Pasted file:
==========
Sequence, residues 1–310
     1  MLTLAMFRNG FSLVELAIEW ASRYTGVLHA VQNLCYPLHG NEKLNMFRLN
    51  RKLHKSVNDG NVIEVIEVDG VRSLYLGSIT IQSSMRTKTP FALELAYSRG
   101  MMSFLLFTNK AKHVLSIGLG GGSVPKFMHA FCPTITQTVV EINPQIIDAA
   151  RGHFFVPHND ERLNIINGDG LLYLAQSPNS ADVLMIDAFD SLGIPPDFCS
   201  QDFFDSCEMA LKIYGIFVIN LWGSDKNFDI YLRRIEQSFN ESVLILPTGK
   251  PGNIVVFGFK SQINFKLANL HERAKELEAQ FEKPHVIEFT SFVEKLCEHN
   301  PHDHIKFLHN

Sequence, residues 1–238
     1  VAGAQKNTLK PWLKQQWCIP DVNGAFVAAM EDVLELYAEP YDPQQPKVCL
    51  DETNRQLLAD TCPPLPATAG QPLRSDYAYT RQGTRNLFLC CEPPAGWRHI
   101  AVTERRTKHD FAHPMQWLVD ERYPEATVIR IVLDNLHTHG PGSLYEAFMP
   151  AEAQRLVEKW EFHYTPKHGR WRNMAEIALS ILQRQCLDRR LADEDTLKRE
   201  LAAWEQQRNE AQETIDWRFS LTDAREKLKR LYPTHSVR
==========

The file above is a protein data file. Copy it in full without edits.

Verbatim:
Sequence, residues 1–310
     1  MLTLAMFRNG FSLVELAIEW ASRYTGVLHA VQNLCYPLHG NEKLNMFRLN
    51  RKLHKSVNDG NVIEVIEVDG VRSLYLGSIT IQSSMRTKTP FALELAYSRG
   101  MMSFLLFTNK AKHVLSIGLG GGSVPKFMHA FCPTITQTVV EINPQIIDAA
   151  RGHFFVPHND ERLNIINGDG LLYLAQSPNS ADVLMIDAFD SLGIPPDFCS
   201  QDFFDSCEMA LKIYGIFVIN LWGSDKNFDI YLRRIEQSFN ESVLILPTGK
   251  PGNIVVFGFK SQINFKLANL HERAKELEAQ FEKPHVIEFT SFVEKLCEHN
   301  PHDHIKFLHN

Sequence, residues 1–238
     1  VAGAQKNTLK PWLKQQWCIP DVNGAFVAAM EDVLELYAEP YDPQQPKVCL
    51  DETNRQLLAD TCPPLPATAG QPLRSDYAYT RQGTRNLFLC CEPPAGWRHI
   101  AVTERRTKHD FAHPMQWLVD ERYPEATVIR IVLDNLHTHG PGSLYEAFMP
   151  AEAQRLVEKW EFHYTPKHGR WRNMAEIALS ILQRQCLDRR LADEDTLKRE
   201  LAAWEQQRNE AQETIDWRFS LTDAREKLKR LYPTHSVR